OK, now you don't feel like this now I know you don't know this now, but this is what I wish I would have known then and I want to help you like being the best position that you can be. So I'm going to keep telling you this over and over and over again until one day you actually listen to me. Finally I listened to him and I realized, oh, he was a little bit right. No, I would have to say my dad from an early age. I've always wanted to be more like him. First and foremost, as a career he I want to live up to his name kind of follow his footsteps is what he did in his career and ever since I was three, I've been playing baseball to do to pursue that career and kind of be what he was. And off the career-vibe section of it, I've always wanted, I've always respected him and looked up to him so much for the type of person he is and how he treats people and the love that he has, not only for the family but those around him that he cares so much for. And his faith in everything, all the different characteristics and aspects of his life that I sometimes took for granted as a kid and kind of growing up. And it's hard, especially when it's your daddy like no dad. Why? Why you gotta do this like whatever? But then, especially as soon as I started growing up, I kind of realized that this is a special experience for me, because a lot of people don't have something, as special as that, and a father that's so willing and able to do everything that he can to make me successful and to make me grow and learn things. Kind of ahead of the curve before you learn it naturally through experiences and through failure or heartbreak, whatever it may be. So definitely he's been the one that shaped me the most.

Now let's imagine that we're in a grocery store parking lot were walking behind a gentleman and he reaches into his pocket and pulls out his cell phone. When he does that, a bundle of cash falls on the ground. No one sees this, but you, you pick up the money. Do you casually put it in your pocket? Or do you call out to the man and return it to him? This is what's called a value dualism. So while on one hand we might value the money, we need money to pay for things. On the other hand, we would value our integrity in doing what we might believe is right. This conflict is called value dualisms. So what would you do in this situation? Think for me the toughest one, within high school and college, like that entire period, was honesty versus loyalty. I, for the longest time would always be the nice guy, the one that just kind of said something, whether you believed it or not, just to be your friend, you know and. For the longest time I didn't really get in trouble by it, it just kind of happened, just go with it. But then the first couple years of college I was put into like a leadership role within the baseball team and you're expected to call people out or to be that leader and say stuff when there's need to be said that may at first hurt somebody or not hurt somebody but kind of come off as a different perspective.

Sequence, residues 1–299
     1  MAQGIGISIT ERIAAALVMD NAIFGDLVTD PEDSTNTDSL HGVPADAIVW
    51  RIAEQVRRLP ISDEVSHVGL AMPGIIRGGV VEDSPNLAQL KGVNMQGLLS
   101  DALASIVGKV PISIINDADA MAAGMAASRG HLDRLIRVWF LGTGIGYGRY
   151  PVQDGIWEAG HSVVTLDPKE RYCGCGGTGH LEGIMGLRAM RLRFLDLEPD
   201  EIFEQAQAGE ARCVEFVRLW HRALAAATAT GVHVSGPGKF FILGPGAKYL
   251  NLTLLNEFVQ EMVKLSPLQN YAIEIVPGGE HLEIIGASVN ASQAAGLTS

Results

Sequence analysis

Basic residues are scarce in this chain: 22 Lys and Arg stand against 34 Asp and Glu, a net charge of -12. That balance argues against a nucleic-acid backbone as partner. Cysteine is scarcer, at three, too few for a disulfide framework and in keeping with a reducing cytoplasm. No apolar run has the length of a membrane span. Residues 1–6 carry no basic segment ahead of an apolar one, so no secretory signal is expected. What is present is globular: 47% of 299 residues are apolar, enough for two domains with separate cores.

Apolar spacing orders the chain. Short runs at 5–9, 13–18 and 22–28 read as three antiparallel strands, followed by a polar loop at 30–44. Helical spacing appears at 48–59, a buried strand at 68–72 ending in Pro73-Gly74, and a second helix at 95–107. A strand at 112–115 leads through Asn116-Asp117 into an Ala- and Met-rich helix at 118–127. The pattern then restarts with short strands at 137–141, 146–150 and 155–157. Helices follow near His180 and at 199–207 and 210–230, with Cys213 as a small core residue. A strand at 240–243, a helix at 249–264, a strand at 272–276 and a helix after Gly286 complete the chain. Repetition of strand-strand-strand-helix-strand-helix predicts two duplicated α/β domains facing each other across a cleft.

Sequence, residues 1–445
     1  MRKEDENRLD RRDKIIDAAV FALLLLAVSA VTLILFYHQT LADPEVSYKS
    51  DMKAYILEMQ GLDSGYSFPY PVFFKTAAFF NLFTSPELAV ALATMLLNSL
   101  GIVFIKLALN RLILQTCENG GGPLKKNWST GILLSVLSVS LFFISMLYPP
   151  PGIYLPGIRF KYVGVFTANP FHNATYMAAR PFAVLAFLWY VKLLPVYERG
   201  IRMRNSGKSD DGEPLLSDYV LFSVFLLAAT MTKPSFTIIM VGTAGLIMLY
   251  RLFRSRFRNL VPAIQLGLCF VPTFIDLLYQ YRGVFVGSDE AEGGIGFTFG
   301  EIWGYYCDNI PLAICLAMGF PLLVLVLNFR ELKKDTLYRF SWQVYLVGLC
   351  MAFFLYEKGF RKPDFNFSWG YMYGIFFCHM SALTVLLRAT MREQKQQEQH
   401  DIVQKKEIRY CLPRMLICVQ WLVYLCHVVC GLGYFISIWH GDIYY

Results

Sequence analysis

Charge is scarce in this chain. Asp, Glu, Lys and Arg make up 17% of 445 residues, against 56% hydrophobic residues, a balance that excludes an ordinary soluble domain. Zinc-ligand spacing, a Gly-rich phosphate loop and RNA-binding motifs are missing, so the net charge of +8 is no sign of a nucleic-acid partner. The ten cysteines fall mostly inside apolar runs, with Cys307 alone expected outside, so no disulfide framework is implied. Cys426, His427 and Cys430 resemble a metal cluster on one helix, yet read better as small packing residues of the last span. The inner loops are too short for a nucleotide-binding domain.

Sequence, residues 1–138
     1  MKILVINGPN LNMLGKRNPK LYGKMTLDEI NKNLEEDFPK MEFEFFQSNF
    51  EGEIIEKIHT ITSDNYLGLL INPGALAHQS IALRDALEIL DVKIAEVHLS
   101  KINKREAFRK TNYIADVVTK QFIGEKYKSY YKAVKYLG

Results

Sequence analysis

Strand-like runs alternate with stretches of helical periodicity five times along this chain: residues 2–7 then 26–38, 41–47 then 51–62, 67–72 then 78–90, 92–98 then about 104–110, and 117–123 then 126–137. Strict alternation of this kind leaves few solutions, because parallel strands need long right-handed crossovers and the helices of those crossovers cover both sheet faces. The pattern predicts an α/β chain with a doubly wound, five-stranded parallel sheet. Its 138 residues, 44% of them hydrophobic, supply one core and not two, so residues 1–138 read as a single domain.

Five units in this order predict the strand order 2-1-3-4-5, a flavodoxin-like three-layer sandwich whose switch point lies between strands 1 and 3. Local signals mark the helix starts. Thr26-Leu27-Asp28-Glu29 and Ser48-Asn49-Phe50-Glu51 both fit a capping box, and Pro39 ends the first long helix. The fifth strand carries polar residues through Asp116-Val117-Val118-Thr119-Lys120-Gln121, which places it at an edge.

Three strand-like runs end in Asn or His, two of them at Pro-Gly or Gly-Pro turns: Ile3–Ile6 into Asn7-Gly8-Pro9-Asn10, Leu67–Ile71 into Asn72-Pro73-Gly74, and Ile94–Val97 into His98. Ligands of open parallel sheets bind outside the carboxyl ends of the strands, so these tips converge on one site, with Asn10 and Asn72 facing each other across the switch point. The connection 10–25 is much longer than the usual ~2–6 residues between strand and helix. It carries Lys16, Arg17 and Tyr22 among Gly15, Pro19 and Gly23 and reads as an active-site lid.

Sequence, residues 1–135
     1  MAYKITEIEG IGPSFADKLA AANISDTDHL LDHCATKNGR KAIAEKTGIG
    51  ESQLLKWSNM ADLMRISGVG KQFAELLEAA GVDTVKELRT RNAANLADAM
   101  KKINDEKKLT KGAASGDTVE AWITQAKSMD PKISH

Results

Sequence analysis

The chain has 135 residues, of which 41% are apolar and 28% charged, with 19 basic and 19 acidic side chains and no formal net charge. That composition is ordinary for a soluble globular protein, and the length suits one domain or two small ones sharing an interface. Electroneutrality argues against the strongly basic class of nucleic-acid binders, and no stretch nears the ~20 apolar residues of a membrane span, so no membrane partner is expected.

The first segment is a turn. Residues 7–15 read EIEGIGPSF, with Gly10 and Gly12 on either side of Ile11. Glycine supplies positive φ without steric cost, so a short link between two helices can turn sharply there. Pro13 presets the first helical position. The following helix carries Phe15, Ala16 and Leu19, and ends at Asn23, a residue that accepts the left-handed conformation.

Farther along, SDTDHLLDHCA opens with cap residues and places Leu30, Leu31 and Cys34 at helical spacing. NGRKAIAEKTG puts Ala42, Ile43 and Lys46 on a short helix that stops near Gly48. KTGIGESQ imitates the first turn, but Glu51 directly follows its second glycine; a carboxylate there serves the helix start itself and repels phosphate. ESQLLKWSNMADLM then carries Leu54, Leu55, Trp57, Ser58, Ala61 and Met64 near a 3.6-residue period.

It may cause them to look at you a little bit different, but at the end of the day, you know that you're doing what is right and you're being honest. And honesty is what's going to grow to make the team or whatever group you're part of better. So you should understand that it's not. You're not disloyal by being honest with somebody, and that was something that for me I definitely one of the biggest lessons I've learned in. If I could go back and tell my younger self just don't don't put so much importance on loyalty and know that honesty is what builds loyalty. I have a decent example of that and that would come with basically some classes, don't exactly call out roll every time, and so there's a sign in sheet and you've probably got in this example before too, but there's people that will just rotate days and go one day, sign in for both them in another person, and then the next time they flip flop and so they have to go to half the classes and that was becoming a problem in one of my classes and I eventually picked up on who was doing it. It was a buddy of mine and it was somebody that I know I revere and I would I would hope that he would say something to me if I were in his situation and it got so bad that that the professor was catching on and they were threatening on failing people.